Different designs of photonic crystals are available. Some are applied as waveguides with very small curvature radii and small losses or as extremely small-band optical filters and multiplexers. In few decades, computers working with light instead of electricity might be feasible. Apart from KIT, the Belgian Université catholique de Louvain and Humboldt University, Berlin, were involved in the development.


Story Source:

The above story is based on materials provided by Karlsruhe Institute of Technology. Note: Materials may be edited for content and length.


Cite This Page:

Karlsruhe Institute of Technology. "New etching method to produce 3-D microstructures in silicon for processing of light signals in telecommunications." ScienceDaily. ScienceDaily, 5 October 2012. <www.sciencedaily.com/releases/2012/10/121005103239.htm>.
Karlsruhe Institute of Technology. (2012, October 5). New etching method to produce 3-D microstructures in silicon for processing of light signals in telecommunications. ScienceDaily. Retrieved April 19, 2014 from www.sciencedaily.com/releases/2012/10/121005103239.htm
Karlsruhe Institute of Technology. "New etching method to produce 3-D microstructures in silicon for processing of light signals in telecommunications." ScienceDaily. www.sciencedaily.com/releases/2012/10/121005103239.htm (accessed April 19, 2014).

Share This



More Matter & Energy News

Saturday, April 19, 2014

Featured Research

from universities, journals, and other organizations


Featured Videos

from AP, Reuters, AFP, and other news services

Small Reactors Could Be Future of Nuclear Energy

Small Reactors Could Be Future of Nuclear Energy

AP (Apr. 17, 2014) — After the Fukushima nuclear disaster, the industry fell under intense scrutiny. Now, small underground nuclear power plants are being considered as the possible future of the nuclear energy. (April 17) Video provided by AP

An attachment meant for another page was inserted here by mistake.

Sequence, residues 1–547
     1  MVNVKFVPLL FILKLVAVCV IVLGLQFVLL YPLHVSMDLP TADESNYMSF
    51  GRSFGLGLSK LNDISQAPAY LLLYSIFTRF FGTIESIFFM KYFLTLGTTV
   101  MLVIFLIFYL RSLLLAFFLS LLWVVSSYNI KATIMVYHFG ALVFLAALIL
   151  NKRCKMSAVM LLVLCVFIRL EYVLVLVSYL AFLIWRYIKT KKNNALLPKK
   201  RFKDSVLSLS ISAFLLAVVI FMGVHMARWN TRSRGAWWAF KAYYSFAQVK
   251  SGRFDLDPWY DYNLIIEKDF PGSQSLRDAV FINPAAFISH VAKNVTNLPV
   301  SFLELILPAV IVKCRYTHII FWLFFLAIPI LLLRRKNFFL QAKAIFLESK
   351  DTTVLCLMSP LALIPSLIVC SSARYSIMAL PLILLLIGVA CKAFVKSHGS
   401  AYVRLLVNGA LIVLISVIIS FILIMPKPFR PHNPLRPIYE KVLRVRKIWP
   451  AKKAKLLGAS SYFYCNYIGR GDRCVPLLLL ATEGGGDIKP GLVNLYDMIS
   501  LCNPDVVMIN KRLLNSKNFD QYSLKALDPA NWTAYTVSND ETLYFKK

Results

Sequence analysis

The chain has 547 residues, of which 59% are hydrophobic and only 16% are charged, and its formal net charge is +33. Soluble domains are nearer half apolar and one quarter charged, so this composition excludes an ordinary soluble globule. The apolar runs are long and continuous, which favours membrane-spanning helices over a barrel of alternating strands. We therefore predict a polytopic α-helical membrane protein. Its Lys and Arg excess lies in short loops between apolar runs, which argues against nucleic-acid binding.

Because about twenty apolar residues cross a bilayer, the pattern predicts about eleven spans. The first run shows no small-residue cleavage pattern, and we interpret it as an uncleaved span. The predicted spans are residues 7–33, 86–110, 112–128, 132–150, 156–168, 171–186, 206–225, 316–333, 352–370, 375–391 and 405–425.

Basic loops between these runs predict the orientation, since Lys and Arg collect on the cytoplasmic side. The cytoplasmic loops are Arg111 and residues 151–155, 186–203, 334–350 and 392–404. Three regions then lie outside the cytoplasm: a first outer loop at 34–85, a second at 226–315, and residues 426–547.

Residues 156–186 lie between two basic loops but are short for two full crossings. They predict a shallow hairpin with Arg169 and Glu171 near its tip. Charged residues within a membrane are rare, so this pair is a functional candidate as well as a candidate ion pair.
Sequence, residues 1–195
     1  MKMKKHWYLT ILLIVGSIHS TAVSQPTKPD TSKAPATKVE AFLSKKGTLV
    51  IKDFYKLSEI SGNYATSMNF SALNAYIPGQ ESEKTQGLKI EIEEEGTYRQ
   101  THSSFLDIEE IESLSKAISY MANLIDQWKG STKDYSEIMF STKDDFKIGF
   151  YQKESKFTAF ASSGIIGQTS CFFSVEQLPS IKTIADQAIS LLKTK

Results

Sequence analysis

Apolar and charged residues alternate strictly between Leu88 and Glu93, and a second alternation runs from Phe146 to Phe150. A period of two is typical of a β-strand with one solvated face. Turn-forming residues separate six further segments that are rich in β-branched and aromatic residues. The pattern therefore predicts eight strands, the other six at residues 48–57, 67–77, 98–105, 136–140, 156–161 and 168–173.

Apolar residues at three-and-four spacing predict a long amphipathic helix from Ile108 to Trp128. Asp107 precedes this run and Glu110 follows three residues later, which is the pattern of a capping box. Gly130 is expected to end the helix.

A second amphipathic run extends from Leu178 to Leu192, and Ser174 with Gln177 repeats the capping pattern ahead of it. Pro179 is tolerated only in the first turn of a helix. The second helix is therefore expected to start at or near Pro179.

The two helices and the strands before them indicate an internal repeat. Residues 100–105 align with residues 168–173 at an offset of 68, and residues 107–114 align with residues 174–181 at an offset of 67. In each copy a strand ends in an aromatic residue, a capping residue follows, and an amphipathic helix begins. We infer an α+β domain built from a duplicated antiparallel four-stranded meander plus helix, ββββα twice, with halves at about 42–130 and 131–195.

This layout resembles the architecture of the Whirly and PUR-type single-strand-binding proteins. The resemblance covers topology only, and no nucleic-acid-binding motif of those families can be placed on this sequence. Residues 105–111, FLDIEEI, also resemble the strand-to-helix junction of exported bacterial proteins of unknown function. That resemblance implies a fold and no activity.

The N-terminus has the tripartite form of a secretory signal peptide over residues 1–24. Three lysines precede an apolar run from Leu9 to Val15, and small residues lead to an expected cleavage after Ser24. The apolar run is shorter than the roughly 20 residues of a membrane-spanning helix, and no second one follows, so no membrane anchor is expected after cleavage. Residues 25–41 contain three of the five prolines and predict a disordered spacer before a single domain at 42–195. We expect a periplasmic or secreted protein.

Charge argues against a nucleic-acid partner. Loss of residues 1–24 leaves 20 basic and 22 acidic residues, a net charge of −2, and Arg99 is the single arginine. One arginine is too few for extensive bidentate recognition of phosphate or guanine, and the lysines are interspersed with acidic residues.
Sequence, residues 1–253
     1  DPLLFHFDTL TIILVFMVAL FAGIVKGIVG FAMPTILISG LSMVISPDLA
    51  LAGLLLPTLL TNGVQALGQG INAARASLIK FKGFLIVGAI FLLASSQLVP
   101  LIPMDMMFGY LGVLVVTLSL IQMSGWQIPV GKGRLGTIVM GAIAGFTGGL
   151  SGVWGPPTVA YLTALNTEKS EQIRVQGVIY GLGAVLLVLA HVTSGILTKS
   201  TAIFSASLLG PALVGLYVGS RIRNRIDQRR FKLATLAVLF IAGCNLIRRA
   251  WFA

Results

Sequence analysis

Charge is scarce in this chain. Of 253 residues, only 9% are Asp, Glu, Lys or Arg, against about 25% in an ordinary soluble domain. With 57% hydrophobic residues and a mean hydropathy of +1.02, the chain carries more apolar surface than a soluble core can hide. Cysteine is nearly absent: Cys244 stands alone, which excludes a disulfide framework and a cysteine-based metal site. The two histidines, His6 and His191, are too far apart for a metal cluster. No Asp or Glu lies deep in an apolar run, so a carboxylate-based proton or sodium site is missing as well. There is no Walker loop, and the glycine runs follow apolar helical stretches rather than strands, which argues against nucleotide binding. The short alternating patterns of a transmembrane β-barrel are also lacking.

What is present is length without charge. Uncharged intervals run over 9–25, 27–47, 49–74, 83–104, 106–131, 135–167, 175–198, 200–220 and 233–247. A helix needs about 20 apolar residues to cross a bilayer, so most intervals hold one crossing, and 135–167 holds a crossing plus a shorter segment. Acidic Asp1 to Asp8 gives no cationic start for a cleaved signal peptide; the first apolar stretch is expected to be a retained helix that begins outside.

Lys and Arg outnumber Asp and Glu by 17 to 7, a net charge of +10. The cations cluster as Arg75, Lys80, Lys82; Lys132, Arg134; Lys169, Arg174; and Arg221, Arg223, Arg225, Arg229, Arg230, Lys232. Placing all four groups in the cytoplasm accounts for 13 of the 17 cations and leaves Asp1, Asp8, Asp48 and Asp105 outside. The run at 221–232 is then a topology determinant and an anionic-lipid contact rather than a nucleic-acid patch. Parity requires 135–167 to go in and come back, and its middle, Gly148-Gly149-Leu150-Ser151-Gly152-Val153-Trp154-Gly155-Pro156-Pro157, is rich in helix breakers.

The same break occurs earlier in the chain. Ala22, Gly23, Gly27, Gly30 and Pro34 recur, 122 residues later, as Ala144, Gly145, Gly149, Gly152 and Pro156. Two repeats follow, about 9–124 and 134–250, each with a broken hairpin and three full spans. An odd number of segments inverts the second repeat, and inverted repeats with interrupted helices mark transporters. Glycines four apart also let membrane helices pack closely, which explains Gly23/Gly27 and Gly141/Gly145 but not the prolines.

Powered by NewsLook.com
Horseless Carriage Introduced at NY Auto Show

Horseless Carriage Introduced at NY Auto Show

AP (Apr. 17, 2014) — An electric car that proponents hope will replace horse-drawn carriages in New York City has also been revealed at the auto show. (Apr. 17) Video provided by AP
Powered by NewsLook.com
Honda's New ASIMO Robot, More Human-Like Than Ever

Honda's New ASIMO Robot, More Human-Like Than Ever

AFP (Apr. 17, 2014) — It walks and runs, even up and down stairs. It can open a bottle and serve a drink, and politely tries to shake hands with a stranger. Meet the latest ASIMO, Honda's humanoid robot. Duration: 00:54 Video provided by AFP
Powered by NewsLook.com
German Researchers Crack Samsung's Fingerprint Scanner

German Researchers Crack Samsung's Fingerprint Scanner

Newsy (Apr. 16, 2014) — German researchers have used a fake fingerprint made from glue to bypass the fingerprint security system on Samsung's new Galaxy S5 smartphone. Video provided by Newsy
Powered by NewsLook.com

Search ScienceDaily

Number of stories in archives: 140,361

Find with keyword(s):
 
Enter a keyword or phrase to search ScienceDaily for related topics and research stories.

Save/Print:
Share:  

Breaking News:
from the past week

In Other News

... from NewsDaily.com

Science News

Health News

Environment News

Technology News



Save/Print:
Share:  

Free Subscriptions


Get the latest science news with ScienceDaily's free email newsletters, updated daily and weekly. Or view hourly updated newsfeeds in your RSS reader:

Get Social & Mobile


Keep up to date with the latest news from ScienceDaily via social networks and mobile apps:

Have Feedback?


Tell us what you think of ScienceDaily -- we welcome both positive and negative comments. Have any problems using the site? Questions?
Mobile iPhone Android Web
Follow Facebook Twitter Google+
Subscribe RSS Feeds Email Newsletters
Latest Headlines Health & Medicine Mind & Brain Space & Time Matter & Energy Computers & Math Plants & Animals Earth & Climate Fossils & Ruins